I read somewhere that the original PNG coffee plants had some similarities with regards to characteristics to Jamaica blue coffee given it was the same seeds that were planted on the island.

I was actually born in goroka which is in the eastern highlands of PNG also a renowned coffee region within PNG . My parents got me out of there pretty quick after I was born as it was and probably still is a very tribalistic and dangerous in parts. Wish I was able to sample the farming experience! Would love to go back one day to do an origin tour of the place!
I love it how coffee tricks me into thinking I'm in a good mood for exactly 27 minutes.

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Difference between PNG and Indonesian beans
« Reply #4 on: 19/04/2017, 01:07 PM »
I'm a big fan of png  coffees I find them chocolatey  and fruity most of the time with earthy flavours and the tend to be more approachable younger than their Indonesian  neighbours

I often use png  as the  base for my blends for this reason and I find that they suit the coffees of  East Africa  particularly  well

Indo.coffees to me are often associated with dense notes.notes . and spice textures which I find rounds out a blend particularly  well in smaller  quantities

I also find indo coffees particularly those of Sumatra  take 7 to 10 days post roast to come into their own - what can seem bitter one day can be rounded and velvety the next - and.this needs to  be taken into account especially if time is a constraint

The trick with PNG is to use high quality beans and grading as the cheaper ones, which still taste good, tend to vary in size and grading which makes for uneven roasting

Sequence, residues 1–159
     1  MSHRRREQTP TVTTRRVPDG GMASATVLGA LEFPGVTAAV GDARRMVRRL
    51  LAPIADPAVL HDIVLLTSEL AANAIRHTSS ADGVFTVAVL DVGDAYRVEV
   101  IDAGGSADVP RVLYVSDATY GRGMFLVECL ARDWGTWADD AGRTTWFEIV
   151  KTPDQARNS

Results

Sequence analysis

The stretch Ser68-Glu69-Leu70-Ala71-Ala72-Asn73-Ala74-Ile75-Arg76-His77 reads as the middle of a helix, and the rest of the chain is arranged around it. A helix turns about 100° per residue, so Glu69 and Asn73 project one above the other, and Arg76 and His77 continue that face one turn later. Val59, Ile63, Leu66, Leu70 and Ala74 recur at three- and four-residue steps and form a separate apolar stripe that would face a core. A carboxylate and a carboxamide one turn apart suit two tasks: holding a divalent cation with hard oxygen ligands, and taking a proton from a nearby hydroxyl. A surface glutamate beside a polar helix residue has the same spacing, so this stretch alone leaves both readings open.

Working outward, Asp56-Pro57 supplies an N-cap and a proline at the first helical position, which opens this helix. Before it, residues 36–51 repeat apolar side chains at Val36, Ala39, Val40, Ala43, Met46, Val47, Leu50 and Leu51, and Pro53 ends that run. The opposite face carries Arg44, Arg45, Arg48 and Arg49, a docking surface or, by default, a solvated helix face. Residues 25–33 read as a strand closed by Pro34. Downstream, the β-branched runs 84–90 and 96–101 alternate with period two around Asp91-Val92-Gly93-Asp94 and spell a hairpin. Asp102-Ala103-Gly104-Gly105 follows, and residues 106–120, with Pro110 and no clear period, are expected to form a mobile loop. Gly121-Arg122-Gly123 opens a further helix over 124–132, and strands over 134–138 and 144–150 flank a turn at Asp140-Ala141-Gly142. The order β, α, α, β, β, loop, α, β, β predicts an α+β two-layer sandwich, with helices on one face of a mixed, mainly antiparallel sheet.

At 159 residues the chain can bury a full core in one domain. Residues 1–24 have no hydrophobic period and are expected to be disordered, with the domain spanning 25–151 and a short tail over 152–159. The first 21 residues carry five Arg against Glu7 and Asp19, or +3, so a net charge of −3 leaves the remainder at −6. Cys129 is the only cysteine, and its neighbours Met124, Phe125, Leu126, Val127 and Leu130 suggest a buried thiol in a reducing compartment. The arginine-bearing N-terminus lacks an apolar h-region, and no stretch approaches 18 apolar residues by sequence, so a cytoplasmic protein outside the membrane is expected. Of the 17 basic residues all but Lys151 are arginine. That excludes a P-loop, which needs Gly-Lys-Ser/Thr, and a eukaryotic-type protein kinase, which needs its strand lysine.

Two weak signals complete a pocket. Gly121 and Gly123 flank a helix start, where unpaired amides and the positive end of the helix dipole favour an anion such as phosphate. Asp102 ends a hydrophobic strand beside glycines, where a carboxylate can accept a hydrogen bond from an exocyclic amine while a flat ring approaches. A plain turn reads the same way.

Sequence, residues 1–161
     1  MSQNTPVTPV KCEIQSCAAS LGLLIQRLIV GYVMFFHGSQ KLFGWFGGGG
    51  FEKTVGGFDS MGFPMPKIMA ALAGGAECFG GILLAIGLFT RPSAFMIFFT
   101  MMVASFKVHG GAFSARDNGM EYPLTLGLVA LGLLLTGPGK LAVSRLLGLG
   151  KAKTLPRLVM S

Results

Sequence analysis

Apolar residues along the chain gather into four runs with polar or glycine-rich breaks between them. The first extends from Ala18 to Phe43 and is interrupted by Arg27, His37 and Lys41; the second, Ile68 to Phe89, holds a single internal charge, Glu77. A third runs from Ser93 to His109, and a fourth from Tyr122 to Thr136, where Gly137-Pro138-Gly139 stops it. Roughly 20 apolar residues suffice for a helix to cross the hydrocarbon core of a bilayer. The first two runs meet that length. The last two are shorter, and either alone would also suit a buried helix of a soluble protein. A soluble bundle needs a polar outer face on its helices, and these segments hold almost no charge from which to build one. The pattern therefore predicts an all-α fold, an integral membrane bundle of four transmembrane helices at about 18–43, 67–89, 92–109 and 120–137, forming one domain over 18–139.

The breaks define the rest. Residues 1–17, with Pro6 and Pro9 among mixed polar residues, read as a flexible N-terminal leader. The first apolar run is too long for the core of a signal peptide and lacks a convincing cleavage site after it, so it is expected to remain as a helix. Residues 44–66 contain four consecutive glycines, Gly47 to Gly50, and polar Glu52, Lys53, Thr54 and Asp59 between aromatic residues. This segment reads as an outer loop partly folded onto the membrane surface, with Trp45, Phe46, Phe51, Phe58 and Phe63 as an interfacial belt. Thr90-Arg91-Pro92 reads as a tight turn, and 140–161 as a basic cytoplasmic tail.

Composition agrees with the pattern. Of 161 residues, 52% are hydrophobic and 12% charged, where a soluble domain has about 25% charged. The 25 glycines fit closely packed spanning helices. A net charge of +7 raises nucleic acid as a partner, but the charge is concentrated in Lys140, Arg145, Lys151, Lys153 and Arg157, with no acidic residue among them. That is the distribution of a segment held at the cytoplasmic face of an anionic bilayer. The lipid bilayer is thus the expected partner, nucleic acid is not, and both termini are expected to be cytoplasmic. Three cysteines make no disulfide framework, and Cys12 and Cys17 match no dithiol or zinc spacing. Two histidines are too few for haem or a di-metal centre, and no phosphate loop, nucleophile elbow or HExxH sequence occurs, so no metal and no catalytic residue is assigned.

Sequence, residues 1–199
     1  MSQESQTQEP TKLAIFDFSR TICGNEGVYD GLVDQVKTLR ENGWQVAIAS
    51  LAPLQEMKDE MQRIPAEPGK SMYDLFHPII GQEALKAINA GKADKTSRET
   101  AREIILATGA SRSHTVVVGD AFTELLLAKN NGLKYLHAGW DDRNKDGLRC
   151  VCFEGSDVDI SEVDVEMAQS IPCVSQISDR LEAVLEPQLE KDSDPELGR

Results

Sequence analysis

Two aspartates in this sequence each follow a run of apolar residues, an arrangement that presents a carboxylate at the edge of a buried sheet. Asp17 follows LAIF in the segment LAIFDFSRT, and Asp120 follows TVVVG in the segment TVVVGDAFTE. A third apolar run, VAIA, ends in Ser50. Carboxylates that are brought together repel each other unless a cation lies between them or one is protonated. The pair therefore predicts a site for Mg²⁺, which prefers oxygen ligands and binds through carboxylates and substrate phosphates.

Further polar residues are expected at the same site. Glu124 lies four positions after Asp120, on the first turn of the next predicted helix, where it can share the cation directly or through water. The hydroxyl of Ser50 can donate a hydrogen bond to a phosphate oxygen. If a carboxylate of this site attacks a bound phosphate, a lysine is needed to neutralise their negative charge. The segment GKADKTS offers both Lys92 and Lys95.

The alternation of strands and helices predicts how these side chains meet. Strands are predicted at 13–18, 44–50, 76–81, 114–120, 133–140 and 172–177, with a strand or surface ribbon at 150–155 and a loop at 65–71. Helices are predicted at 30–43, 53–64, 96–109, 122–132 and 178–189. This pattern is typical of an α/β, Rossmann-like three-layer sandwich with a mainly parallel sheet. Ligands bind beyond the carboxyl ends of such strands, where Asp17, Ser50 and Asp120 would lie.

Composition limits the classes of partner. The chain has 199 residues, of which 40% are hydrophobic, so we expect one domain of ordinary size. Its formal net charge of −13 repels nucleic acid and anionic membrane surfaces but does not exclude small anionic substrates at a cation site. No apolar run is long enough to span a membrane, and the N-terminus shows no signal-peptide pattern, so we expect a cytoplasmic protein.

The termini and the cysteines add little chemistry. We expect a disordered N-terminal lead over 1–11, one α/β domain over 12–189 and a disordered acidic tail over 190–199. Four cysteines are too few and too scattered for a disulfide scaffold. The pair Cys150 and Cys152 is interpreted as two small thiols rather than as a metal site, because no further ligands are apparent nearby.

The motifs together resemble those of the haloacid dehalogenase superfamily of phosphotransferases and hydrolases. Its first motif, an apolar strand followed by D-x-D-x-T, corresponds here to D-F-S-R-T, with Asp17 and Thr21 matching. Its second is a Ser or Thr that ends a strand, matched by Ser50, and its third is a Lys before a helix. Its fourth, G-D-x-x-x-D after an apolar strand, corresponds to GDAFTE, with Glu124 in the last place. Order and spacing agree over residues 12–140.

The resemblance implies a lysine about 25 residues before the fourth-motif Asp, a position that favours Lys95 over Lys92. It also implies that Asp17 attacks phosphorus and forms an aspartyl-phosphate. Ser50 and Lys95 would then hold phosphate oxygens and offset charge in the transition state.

P
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West Village

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Difference between PNG and Indonesian beans
« Reply #5 on: 19/04/2017, 07:01 PM »
Agree completely Pat. A milder body than the indos, amazing fruity aroma also. I'd love to get my hands in some okapa beans from goroka one day. Would love to try the difference between the eastern and western highlands. Have you had any experience with eastern highland PNG coffees?

I just pulled the trigger on a couple KG's of Kimel and upon your recommendation a couple kilo of Kenya AA to blend alongside it and the columbian.

How dark do you take them when roasting? On the verge of 2C or you pull them much earlier?
I love it how coffee tricks me into thinking I'm in a good mood for exactly 27 minutes.

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Difference between PNG and Indonesian beans
« Reply #6 on: 20/04/2017, 09:12 AM »
Agree completely Pat. A milder body than the indos, amazing fruity aroma also. I'd love to get my hands in some okapa beans from goroka one day. Would love to try the difference between the eastern and western highlands. Have you had any experience with eastern highland PNG coffees?

I just pulled the trigger on a couple KG's of Kimel and upon your recommendation a couple kilo of Kenya AA to blend alongside it and the columbian.

How dark do you take them when roasting? On the verge of 2C or you pull them much earlier?

On the behmor i often pull the kenya at the first snips of second crack otherwise i find i dont get enough roast depth - probably coz they're a sturdier bean which has been air dried so I tend to push them a bit further than wet processed

p
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West Village